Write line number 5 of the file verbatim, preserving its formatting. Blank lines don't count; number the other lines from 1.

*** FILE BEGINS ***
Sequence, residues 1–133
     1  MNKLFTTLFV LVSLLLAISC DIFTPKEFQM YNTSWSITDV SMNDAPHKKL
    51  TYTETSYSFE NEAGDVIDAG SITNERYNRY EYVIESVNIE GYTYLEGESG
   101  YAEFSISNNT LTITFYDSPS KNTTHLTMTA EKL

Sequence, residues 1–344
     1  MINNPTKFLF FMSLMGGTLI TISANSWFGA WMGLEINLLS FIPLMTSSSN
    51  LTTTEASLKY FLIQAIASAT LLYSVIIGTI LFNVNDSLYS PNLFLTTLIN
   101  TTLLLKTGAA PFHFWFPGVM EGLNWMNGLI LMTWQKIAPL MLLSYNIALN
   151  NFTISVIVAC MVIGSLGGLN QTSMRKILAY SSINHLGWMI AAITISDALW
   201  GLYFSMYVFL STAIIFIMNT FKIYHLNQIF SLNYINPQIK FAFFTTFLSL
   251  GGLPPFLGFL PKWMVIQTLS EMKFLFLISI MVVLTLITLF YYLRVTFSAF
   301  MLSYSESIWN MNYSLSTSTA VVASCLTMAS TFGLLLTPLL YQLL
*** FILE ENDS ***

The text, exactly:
Sequence, residues 1–344